I didn’t need a D&C because my bleeding was never too crazy heavy, so I let things happen on their own time. It still took me almost two weeks to stop bleeding. It was like the neverending period from hell.

Think of it this way: when you have a regular period, you’re shedding your uterine lining that has been building up for 10-14 days or so. When you have a miscarriage, you’re shedding the fetal tissue PLUS the uterine lining that has been building up for weeks and weeks to make a nice cushy home for your baby.

I went in the next week for a check-up, and my doctor removed some of the remaining tissue which might have helped reduce my bleeding, but then I just felt like someone had punched my uterus from the inside for the next couple of days.

And then the following weekend (so 8 days afterwards) I flew to Florida for a retreat with some of the health coaches on my team. I knew a good girls weekend would be really good for me, and it was, although I was so depressed even hanging out with my squad couldn’t really lift my energy. I also avoided the pool or ocean because I didn’t want to risk infection, which was kind of a bummer. At least I could drink my fave kombucha margaritas! At risk of sounding like an alcoholic, being able to have margaritas this summer has been the biggest consolation.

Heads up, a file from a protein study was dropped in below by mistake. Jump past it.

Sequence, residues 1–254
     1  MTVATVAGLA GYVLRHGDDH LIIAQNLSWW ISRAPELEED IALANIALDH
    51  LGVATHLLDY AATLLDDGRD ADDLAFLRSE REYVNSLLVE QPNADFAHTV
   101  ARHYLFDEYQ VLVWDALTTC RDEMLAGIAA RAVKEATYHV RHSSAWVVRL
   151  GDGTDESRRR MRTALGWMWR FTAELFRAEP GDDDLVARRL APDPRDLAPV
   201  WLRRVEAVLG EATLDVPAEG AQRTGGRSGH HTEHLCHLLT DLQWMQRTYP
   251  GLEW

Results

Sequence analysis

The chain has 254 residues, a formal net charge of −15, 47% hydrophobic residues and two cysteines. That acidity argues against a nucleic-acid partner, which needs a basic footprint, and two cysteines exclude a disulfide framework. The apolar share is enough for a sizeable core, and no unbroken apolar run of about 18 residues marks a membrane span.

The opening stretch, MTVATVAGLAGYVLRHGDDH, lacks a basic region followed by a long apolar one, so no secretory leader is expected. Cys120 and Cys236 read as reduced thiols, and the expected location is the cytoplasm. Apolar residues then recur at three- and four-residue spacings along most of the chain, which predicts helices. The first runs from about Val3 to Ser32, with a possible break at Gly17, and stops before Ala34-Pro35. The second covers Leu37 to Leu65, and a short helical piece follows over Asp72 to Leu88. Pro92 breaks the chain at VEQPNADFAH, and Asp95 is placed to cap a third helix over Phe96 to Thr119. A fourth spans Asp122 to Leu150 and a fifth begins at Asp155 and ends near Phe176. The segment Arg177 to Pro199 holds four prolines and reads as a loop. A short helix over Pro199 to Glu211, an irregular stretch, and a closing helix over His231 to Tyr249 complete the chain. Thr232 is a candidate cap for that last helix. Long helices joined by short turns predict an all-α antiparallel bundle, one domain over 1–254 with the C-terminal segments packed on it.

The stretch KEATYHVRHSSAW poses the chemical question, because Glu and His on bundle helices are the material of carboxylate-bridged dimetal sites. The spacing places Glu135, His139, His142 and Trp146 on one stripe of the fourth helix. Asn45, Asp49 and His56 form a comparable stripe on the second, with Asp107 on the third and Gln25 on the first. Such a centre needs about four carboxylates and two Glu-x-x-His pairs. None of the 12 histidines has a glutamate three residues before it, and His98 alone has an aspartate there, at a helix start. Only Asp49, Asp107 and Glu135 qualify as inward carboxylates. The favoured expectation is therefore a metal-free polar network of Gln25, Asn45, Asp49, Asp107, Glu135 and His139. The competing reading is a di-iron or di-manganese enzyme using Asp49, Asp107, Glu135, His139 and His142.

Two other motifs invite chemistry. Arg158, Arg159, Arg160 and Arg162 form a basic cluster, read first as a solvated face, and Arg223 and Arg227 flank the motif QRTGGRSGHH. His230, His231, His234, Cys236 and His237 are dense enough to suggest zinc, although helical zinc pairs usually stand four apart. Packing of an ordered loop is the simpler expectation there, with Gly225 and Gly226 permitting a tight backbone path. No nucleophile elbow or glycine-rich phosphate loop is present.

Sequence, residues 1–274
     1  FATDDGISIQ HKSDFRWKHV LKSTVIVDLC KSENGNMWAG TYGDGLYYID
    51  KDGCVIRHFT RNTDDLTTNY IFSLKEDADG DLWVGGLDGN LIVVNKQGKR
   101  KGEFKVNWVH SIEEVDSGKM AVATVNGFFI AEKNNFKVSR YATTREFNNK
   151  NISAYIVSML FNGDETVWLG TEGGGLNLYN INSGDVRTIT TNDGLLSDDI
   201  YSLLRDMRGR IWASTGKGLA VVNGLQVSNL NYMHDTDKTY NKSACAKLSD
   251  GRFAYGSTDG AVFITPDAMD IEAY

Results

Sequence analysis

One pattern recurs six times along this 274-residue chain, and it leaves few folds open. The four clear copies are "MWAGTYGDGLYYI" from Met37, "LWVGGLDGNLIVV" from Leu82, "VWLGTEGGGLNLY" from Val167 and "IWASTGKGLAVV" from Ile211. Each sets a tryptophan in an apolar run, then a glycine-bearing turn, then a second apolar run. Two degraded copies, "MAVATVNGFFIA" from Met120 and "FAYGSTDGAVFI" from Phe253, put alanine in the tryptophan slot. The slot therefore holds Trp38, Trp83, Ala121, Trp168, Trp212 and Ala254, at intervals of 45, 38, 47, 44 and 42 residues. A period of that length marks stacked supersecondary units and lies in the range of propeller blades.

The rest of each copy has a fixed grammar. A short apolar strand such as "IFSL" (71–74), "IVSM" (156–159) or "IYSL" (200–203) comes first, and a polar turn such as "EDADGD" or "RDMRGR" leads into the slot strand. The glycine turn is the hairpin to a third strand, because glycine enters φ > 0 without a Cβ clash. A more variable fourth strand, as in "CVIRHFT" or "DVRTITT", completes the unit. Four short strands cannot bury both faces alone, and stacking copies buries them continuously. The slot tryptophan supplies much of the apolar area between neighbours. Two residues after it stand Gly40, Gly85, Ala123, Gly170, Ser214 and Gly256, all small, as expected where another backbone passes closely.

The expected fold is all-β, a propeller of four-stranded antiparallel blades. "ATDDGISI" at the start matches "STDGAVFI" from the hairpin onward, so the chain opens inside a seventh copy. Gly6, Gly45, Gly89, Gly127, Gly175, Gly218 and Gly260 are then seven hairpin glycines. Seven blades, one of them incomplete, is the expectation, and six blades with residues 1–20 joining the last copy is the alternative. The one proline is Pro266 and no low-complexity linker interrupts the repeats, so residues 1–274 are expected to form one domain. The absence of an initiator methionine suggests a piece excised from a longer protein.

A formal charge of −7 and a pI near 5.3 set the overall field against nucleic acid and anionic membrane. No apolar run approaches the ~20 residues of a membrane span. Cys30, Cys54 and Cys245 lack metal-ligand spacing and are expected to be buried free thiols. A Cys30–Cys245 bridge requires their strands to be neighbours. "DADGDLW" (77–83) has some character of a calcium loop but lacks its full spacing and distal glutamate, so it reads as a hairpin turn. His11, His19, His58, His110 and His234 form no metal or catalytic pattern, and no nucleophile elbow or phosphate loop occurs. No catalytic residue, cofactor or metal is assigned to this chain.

Monday morning we planned to clean up the AirBNB, before flying back to Chicago that afternoon. At around 7am I started having cramps again, and they quickly intensified to the worst pain I have ever experienced in my life. I’ve never felt anything like this before and now I’m curious to actually go into labor to compare the feeling, because it felt like I was having contractions.

Every 30-45 seconds or so the pain would ease up for 5 seconds, and then another wave would hit. This went on for a little over 2 hours and I didn’t know what to do. I took three ibuprofen which seemed to do absolutely nothing for the pain. I tried to drink a little water and eat half a banana, which I promptly vomited right back up. I felt like I was literally in hell. Couldn’t think, couldn’t move, couldn’t talk. The weird part was that my bleeding never got worse - if anything, it was lightening up.

I called my doctor’s office to see if they could remotely prescribe me some pain killers but they told me all I could do was get to urgent care and then come in when I got home. So Amanda (who I am starting to think of as Saint Amanda) drove me to the nearest urgent care, where they gave me a shot of pain reliever (in my butt, HAHA) and a prescription for Vicodin so I could survive the plane ride home.